Toronto fans flames of Os­cars buzz

Many films wow­ing crowds in Canada likely en route to Acad­emy Awards

The New Zealand Herald - - Entertainment - Ann Hor­na­day

The nearly half-mil­lion peo­ple who at­tend the Toronto In­ter­na­tional Film Fes­ti­val ev­ery year have come to rely on a few eter­nal ver­i­ties. One of them is that by the time the 10-day fes­ti­val wraps, they will have seen a hand­ful of movies that are all but guar­an­teed to dom­i­nate the Os­car-ori­ented awards season that fes­ti­val helps launch ev­ery Septem­ber.

This year saw no ex­cep­tion. With the wind at their backs from glitzy pre­mieres at fes­ti­vals in Venice and Tel­luride, such crowd-pleasers as A Star Is Born and First Man con­tin­ued their promis­ing tra­jec­to­ries.

The first film, yet an­other re­make of one of Hol­ly­wood’s most durable show­biz myths about fame, self­de­struc­tion, sac­ri­fice and sur­vival, marks the de­but of Lady Gaga in a role that makes the most of her vo­cal range, as well an as­sured out­ing from Bradley Cooper as both co-star and first-time di­rec­tor.

Ryan Gosling’s turn in First Man, about Neil Arm­strong’s his­toric 1969 Nasa mis­sion to the moon, is both stir­ring and stoic, with Gosling’s blue eyes do­ing most of the emo­tional work as the tac­i­turn as­tro­naut gazes into space and an earth­bound world that of­ten seems just as alien.

Although it doesn’t feature any name-brand stars, Al­fonso Cuaron’s Roma, an epic-scale sense mem­ory con­veyed with in­ti­mate de­tail, left au­di­ences breath­less, thanks both to its mag­nif­i­cent black-and-white vi­su­als and al­ter­nately shat­ter­ing and mov­ing story told from the point of view of a nanny for a mid­dle-class Mex­ico City fam­ily.

As a work of art, the film, which won Venice’s Golden Lion award just be­fore mak­ing its Toronto de­but, was in­dis­putably the finest movie here this year, a hu­man­ist mas­ter­piece com­bin­ing the best im­pulses of Tol­stoy, Fellini and Cuaron him­self (the film in­cludes one or two play­fully self-ref­er­en­tial winks).

But at least one or two Toronto pre­mieres are now con­sid­ered awards favourites, in­clud­ing the rap­tur­ously re­ceived Green Book ,a pe­riod drama set in the seg­re­gated South dur­ing the 1960s star­ring Viggo Mortensen and Ma­her­shala Ali; Barry Jenk­ins’ del­i­cate, achingly beau­ti­ful adap­ta­tion of James Bald­win’s novel

If Beale Street Could Talk; and Wi­d­ows, a mod­ern-day crime drama star­ring Vi­ola Davis as a re­luc­tant gang boss in a role that many ob­servers agree will land her a best-ac­tress nom­i­na­tion.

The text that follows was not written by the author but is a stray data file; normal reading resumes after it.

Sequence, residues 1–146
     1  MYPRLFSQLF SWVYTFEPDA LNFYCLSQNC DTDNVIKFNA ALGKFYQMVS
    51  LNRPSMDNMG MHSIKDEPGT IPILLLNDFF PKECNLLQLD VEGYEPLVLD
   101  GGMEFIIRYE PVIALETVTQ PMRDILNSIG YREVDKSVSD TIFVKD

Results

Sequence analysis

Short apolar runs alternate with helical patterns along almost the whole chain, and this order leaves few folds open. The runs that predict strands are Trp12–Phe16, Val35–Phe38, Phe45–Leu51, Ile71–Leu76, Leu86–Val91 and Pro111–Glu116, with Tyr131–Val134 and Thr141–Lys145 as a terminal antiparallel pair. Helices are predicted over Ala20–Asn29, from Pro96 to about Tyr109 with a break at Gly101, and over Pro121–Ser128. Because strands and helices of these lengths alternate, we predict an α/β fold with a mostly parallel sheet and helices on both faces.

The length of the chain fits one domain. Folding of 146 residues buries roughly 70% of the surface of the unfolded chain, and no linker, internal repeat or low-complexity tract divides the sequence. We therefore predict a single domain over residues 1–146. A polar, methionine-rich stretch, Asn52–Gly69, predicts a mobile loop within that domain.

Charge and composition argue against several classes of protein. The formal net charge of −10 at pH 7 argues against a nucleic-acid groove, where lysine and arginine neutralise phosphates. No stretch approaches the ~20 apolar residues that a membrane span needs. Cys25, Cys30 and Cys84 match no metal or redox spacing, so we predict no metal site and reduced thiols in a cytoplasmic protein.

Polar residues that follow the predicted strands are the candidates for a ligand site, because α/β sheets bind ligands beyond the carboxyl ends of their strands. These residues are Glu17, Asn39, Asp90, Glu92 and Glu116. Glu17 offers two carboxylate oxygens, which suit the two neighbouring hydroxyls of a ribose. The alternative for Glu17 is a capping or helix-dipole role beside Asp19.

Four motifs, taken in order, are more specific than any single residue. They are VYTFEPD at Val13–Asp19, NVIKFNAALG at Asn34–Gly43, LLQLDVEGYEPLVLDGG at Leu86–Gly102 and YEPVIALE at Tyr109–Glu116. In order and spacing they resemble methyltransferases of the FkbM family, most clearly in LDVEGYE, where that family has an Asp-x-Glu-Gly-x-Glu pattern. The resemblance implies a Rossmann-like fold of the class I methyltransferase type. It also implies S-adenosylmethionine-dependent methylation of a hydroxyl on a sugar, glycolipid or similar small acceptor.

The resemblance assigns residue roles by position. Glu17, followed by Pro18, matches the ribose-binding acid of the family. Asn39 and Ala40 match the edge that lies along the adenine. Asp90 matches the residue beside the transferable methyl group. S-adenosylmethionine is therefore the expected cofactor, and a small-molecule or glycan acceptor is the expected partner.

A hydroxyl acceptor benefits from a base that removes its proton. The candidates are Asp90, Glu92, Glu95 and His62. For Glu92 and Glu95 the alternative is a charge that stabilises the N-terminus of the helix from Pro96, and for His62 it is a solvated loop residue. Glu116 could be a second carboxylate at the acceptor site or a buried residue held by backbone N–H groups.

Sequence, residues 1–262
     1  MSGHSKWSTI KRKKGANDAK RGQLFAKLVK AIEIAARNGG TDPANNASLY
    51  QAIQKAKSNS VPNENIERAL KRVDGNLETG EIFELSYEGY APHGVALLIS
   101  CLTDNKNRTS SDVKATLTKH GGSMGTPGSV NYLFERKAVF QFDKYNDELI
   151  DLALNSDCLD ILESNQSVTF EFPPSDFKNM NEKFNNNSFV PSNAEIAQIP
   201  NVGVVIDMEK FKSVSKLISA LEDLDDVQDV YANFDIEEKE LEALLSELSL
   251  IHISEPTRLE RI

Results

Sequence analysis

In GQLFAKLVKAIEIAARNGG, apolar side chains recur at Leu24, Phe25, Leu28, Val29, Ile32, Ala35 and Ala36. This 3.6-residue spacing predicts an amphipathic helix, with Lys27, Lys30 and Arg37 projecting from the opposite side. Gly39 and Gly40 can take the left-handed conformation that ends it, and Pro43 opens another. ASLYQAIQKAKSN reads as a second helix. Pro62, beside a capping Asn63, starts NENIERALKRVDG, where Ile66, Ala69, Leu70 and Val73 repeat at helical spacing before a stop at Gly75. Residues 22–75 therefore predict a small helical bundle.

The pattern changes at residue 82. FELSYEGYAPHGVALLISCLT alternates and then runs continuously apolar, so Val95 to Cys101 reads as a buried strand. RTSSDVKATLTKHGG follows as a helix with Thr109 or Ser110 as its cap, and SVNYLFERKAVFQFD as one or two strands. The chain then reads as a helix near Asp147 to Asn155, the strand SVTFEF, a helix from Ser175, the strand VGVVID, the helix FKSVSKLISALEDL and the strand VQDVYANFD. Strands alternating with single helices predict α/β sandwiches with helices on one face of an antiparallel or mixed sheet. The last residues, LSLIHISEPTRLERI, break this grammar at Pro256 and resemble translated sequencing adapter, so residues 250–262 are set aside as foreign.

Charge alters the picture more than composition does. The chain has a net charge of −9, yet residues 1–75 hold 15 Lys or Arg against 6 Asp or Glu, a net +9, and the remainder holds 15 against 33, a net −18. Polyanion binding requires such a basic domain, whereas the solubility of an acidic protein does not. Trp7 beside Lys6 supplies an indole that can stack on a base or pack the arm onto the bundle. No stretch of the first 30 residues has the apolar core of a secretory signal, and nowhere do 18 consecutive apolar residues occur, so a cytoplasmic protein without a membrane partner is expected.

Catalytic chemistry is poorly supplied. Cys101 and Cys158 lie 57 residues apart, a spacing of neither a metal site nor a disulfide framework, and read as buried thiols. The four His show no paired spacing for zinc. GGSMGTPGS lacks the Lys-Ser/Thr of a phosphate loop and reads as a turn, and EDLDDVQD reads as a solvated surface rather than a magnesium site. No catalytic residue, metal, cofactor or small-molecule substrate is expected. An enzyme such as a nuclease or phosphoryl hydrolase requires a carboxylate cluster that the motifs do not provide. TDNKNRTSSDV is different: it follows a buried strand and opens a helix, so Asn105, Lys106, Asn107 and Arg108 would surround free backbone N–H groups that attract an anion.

Di­rected with char­ac­ter­is­tic rigor and stylis­tic panache by Steve McQueen, Wi­d­ows might be film his­tory’s most in­ter­sec­tional ac­tion thriller, its ex­plo­sive set pieces and for­mu­laic heist flick tropes lever­aged to com­ment on sex­ism, racism, wealth in­equal­ity and cyn­i­cal ma­chine pol­i­tics as they play out in con­tem­po­rary Chicago. As an oth­er­wise stock genre ex­er­cise highly at­tuned to the con­cerns of the out­side world, Wi­d­ows joined a plethora of movies whose per­spec­tives were clearly turned out­ward, what­ever their tone or type.

The Hate U Give, Ge­orge Till­man Jr.’s adap­ta­tion of the wildly pop­u­lar young-adult novel, boldly took on po­lice vi­o­lence in black com­mu­ni­ties by way of a su­perbly con­fi­dent per­for­mance from its star, Amandla Stenberg.

Emilio Estevez’s The Pub­lic looked at is­sues of home­less­ness, men­tal ill­ness and a frayed so­cial fab­ric through the lens of a pub­lic li­brary in Cincin­nati. Paul Green­grass has made 22 July, about a right-wing ter­ror­ist attack at a Nor­way sum­mer camp in 2011. Even a rel­a­tively tooth­less French com­edy of man­ners, Olivier As­sayas’s Non-Fic­tion, turned out to be both a sex farce and an anx­ious med­i­ta­tion on tech­nol­ogy, lit­er­ary ethics and en­dan­gered in­tel­lec­tual cul­ture.

The ad­dic­tion cri­sis in the United States also formed a nar­ra­tive through-line in films that de­picted fam­i­lies torn apart by opi­oids and other drugs: Ju­lia Roberts, in a turn that also earned awards chat­ter, plays a mother fiercely try­ing to save her heroin-ad­dicted son from re­laps­ing in Ben Is Back, while Steve Carell played a sim­i­larly des­per­ate dad in Beau­ti­ful Boy.

Ad­dic­tion is a sub-theme as well in The Land of Steady Habits, di­rec­tor Ni­cole Holofcener’s funny-sad por­trait of an un­moored di­vorced dad (Ben Men­del­sohn). Although Holofcener was in town for the pre­miere of the film she di­rected, it turned out that a movie she wrote, Can You Ever For­give Me, was earn­ing its share of buzz for Melissa McCarthy’s lead per­for­mance as the un­re­pen­tantly mis­an­thropic writer Lee Is­rael, who de­vel­oped a crim­i­nal side­line forg­ing the let­ters of fa­mous au­thors.

When McCarthy ap­peared on stage af­ter the in­ter­na­tional pre­miere of the film, the crowd erupted in cheers when a pos­si­ble Os­car was men­tioned. Sum­mer might turn to fall dur­ing the Cana­dian fes­ti­val, but it’s also where an ac­tor can ar­rive as a star and leave as a bona fide con­tender.

Photo / AP

Vi­ola Davis has gen­er­ated bestac­tress buzz for her role in crime drama Wi­d­ows.

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